Swift - Classes


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Classes in Swift 4 are building blocks of flexible constructs. Similar to constants, variables and functions the user can define class properties and methods. Swift 4 provides us the functionality that while declaring classes the users need not create interfaces or implementation files. Swift 4 allows us to create classes as a single file and the external interfaces will be created by default once the classes are initialized.

Benefits of having Classes

  • Inheritance acquires the properties of one class to another class

  • Type casting enables the user to check class type at run time

  • Deinitializers take care of releasing memory resources

  • Reference counting allows the class instance to have more than one reference

Common Characteristics of Classes and structures

  • Properties are defined to store values
  • Subscripts are defined for providing access to values
  • Methods are initialized to improve functionality
  • Initial state are defined by initializers
  • Functionality are expanded beyond default values
  • Confirming protocol functionality standards

Syntax

Class classname {
   Definition 1
   Definition 2
   --- 
   Definition N
}

Class Definition

class student {
   var studname: String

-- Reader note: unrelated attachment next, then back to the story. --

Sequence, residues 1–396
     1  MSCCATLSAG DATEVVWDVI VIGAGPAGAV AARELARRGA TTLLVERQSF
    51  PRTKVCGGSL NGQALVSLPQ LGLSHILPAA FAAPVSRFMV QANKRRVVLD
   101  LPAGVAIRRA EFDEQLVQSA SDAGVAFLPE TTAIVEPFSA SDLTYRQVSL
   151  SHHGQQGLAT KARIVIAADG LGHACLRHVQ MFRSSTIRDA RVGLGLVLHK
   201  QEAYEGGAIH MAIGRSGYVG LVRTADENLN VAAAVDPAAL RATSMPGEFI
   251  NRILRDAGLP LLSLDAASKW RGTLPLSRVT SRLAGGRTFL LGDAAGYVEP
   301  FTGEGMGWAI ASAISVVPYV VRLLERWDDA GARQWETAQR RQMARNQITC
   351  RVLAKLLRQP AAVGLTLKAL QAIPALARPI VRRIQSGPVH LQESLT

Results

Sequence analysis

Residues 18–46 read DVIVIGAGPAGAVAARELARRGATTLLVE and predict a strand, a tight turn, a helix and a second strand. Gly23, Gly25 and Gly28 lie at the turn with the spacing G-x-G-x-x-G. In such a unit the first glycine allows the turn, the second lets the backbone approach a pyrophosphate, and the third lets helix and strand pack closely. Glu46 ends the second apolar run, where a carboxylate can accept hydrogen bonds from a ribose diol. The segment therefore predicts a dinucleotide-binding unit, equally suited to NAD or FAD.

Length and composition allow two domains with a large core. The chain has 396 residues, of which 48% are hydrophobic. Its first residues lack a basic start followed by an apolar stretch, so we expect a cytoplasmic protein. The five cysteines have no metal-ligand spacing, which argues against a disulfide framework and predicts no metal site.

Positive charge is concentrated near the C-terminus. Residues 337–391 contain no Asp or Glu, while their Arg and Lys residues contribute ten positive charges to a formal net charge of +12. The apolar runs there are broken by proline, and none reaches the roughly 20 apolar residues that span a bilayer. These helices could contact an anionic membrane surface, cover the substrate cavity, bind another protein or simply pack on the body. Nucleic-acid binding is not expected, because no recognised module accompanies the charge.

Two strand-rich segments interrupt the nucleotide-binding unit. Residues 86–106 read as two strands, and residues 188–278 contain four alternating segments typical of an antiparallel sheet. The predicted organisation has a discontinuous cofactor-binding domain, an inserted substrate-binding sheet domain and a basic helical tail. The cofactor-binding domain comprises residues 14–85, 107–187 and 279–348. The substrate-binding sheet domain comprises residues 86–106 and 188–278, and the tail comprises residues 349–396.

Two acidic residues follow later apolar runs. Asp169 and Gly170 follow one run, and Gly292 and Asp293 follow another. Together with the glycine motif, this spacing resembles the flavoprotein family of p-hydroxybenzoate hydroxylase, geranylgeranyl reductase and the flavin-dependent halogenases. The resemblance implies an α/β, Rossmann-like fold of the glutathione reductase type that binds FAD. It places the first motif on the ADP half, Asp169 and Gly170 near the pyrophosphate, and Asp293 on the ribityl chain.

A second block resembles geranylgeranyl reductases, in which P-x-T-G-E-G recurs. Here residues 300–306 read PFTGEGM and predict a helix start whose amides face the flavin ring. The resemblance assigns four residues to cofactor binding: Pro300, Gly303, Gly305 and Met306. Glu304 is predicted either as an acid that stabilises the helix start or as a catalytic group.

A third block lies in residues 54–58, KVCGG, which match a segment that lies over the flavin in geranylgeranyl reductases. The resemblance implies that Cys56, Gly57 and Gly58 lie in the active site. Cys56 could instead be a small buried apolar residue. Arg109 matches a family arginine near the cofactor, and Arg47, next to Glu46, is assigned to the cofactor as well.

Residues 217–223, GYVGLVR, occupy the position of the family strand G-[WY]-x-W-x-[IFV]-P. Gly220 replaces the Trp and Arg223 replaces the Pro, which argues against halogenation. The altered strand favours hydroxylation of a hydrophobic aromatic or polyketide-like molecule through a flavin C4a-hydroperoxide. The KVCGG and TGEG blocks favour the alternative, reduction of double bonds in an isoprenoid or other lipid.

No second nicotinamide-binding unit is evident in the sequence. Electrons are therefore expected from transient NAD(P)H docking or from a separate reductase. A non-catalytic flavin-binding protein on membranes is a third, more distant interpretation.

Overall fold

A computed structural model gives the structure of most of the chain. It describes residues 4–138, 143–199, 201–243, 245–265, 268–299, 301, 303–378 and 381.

var mark: Int 
   var mark2: Int 
}

The syntax for creating instances

let studrecord = student()

Example

Live Demo
class MarksStruct {
   var mark: Int
   init(mark: Int) {
      self.mark = mark
   }
}

class studentMarks {
   var mark = 300
}

let marks = studentMarks()
print("Mark is \(marks.mark)")

When we run the above program using playground, we get the following result −

Mark is 300

Accessing Class Properties as Reference Types

Class properties can be accessed by the '.' syntax. Property name is separated by a '.' after the instance name.

Live Demo
class MarksStruct {
   var mark: Int
   init(mark: Int) {
      self.mark = mark
   }
}

class studentMarks {
   var mark1 = 300
   var mark2 = 400
   var mark3 = 900
}

let marks = studentMarks()
print("Mark1 is \(marks.mark1)")
print("Mark2 is \(marks.mark2)")
print("Mark3 is \(marks.mark3)")

When we run the above program using playground, we get the following result −

Mark1 is 300
Mark2 is 400
Mark3 is 900

Class Identity Operators

Classes in Swift 4 refers multiple constants and variables pointing to a single instance. To know about the constants and variables pointing to a particular class instance identity operators are used. Class instances are always passed by reference. In Classes NSString, NSArray, and NSDictionary instances are always assigned and passed around as a reference to an existing instance, rather than as a copy.

Identical to Operators Not Identical to Operators
Operator used is (===) Operator used is (!==)
Returns true when two constants or variables pointing to a same instance Returns true when two constants or variables pointing to a different instance
Live Demo
class SampleClass: Equatable {
   let myProperty: String
   init(s: String) {
      myProperty = s
   }
}

func ==(lhs: SampleClass, rhs: SampleClass) -> Bool {
   return lhs.myProperty == rhs.myProperty
}

let spClass1 = SampleClass(s: "Hello")
let spClass2 = SampleClass(s: "Hello")

spClass1 === spClass2 // false
print("\(spClass1)")

spClass1 !== spClass2 // true
print("\(spClass2)")

When we run the above program using playground, we get the following result −

main.SampleClass
main.SampleClass


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